“Boyfriend Dungeon” is both a dating simulator and a dungeon crawler. The game tries to juggle both genres well, but the way it meshes these elements together doesn’t always work.
In the game, you can date up to seven characters at the same time. Each of these characters can also turn into a weapon that players can equip in dungeons. The game has a surprisingly limited number of dungeon levels and bosses: The two dungeons have 12 floors each, and one final boss for each, with an additional big boss at the end of the game. Combat difficulty can’t be adjusted, but there is a goddess mode accessibility feature that cuts a player’s damage taken by half. I played on PC with an Xbox controller attached, as the mouse and keyboard aren’t optimized.
In “Boyfriend Dungeon,” your phone is always blowing up with texts as dates send you witty banter or emoji and occasionally ask you out. One of the characters is a Korean popstar named Seven, while another named Sunder displays vampiric tendencies. Isaac, a fencer who is your first dungeon partner, has daddy issues and can turn into a fencing sword. Two characters, Rowan and Sawyer, are nonbinary, and there’s also an option to date a woman, Valeria, who’s an art thief. The game also mixes things up by allowing you to date a cat. Dating this cat is pretty much like dating a human: You have to guess at their needs and hope for better communication. If you stick it out, the relationship pays off with a unique and memorable ending.
The game’s metaphor is a nice one, even if it’s not subtle. You play a character who is deeply afraid of getting to know people. They have to fight monsters that are retro tech gadgets and symbols of fear of change, and at the final boss you literally hack away at an ice-cold heart to make it beat healthily again.
“Boyfriend Dungeon” imagines a world where dungeon dates set in a monster-filled mall and club are peppered with some relaxing respites, such as a fountain to admire or a bar at which to share a drink. There are little bits of dialogue you can share with a date in these tiny rest spots, and it also helps restore your health points.
At those points, the game gracefully integrates dungeon crawler with dating simulator. But at others, the game’s two genres feel dissonant. One of the biggest hiccups is being able to unlock dates by grinding (the tedious kind, not the sexual) in the dungeons. Everybody playing this game will have different preferences and may not decide to date all seven characters, but for the purposes of this review, I dated all seven and maxed out all their love ranks. Doing so, I found that I ran out of dungeon levels to play before I could fully level up every character’s love rank. So I had to go back and replay dungeon levels. Alternatively, I often maxed out a character’s rank in the middle of a dungeon level and had to wait until I reached the next floor to switch dates and start building another character’s rank.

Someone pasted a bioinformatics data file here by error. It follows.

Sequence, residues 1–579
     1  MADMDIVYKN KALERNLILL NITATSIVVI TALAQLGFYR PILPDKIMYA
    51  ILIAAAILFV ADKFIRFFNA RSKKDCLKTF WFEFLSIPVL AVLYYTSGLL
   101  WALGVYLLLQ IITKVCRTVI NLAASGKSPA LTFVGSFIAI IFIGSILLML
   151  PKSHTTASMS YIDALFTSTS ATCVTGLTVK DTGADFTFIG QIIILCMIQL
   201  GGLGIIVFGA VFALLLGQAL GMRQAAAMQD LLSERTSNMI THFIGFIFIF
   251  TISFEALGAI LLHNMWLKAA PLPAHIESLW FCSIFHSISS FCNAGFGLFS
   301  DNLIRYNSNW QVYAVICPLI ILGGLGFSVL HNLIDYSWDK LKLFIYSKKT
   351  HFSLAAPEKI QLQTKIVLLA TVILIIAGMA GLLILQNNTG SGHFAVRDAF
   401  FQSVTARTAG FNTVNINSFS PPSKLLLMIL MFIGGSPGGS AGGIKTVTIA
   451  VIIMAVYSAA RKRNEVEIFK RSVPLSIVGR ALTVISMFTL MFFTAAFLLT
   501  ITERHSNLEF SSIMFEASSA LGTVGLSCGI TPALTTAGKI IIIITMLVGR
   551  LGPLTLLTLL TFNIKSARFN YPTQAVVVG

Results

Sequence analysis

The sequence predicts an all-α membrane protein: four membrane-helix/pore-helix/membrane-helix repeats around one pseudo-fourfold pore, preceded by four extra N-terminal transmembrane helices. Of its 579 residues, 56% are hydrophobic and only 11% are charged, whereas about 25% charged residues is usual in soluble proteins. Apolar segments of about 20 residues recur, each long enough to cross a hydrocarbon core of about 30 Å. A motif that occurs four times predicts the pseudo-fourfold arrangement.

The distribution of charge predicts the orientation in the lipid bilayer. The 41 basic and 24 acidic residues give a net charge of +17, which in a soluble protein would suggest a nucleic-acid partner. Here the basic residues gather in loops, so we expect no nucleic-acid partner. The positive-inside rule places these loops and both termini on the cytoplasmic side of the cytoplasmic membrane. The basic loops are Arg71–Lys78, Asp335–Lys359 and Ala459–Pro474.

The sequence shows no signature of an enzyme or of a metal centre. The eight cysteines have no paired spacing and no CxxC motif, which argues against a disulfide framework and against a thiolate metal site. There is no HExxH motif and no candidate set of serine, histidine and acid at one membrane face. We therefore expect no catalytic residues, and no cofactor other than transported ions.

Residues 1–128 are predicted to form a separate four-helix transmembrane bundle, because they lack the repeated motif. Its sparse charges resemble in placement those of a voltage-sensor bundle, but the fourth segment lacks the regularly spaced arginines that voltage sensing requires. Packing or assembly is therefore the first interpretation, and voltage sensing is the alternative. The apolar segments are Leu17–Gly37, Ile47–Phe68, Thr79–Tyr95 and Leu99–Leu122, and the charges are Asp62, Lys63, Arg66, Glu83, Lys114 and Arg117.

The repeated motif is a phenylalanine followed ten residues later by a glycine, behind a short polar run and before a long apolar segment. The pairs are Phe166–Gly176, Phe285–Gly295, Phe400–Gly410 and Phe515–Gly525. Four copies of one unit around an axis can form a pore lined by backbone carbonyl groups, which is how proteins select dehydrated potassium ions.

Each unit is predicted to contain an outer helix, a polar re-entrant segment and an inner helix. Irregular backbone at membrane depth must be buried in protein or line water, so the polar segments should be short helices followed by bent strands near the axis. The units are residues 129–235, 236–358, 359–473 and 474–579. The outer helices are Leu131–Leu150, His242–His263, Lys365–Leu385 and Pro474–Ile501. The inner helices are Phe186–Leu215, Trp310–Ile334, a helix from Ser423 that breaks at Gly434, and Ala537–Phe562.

Each weapon has a different combat style that may not suit every gamer’s preference. I wanted to max out Valeria’s love rank to see the end of her story line before everyone else’s. She has a dagger combat style that involves tumbling past enemies to confuse them. It’s not as straightforward as some of the other styles, such as Seven’s lightsaber or the cat’s brass knuckles, which are some of the sleekest weapons to use. Sometimes with Valeria, my character died tumbling between different monsters that started closing in.
Most characters are kind, empathetic and respectful. And then there’s Eric. He’s the subject of the content warning controversy the game was submerged in after launch.
“Boyfriend Dungeon” publicly caught flak for not providing a strong enough content warning at the beginning of the game. The warning originally read, “This game may include references to unwanted advances, stalking, and other forms of emotional manipulation. Play with care.” It’s now been amended to read, “This game’s story involves exposure to unwanted advances, stalking and other forms of emotional manipulation. Play with care and take breaks as needed.” The developer, Kitfox Games, has also apologized “for any hurt inflicted” by the mistake.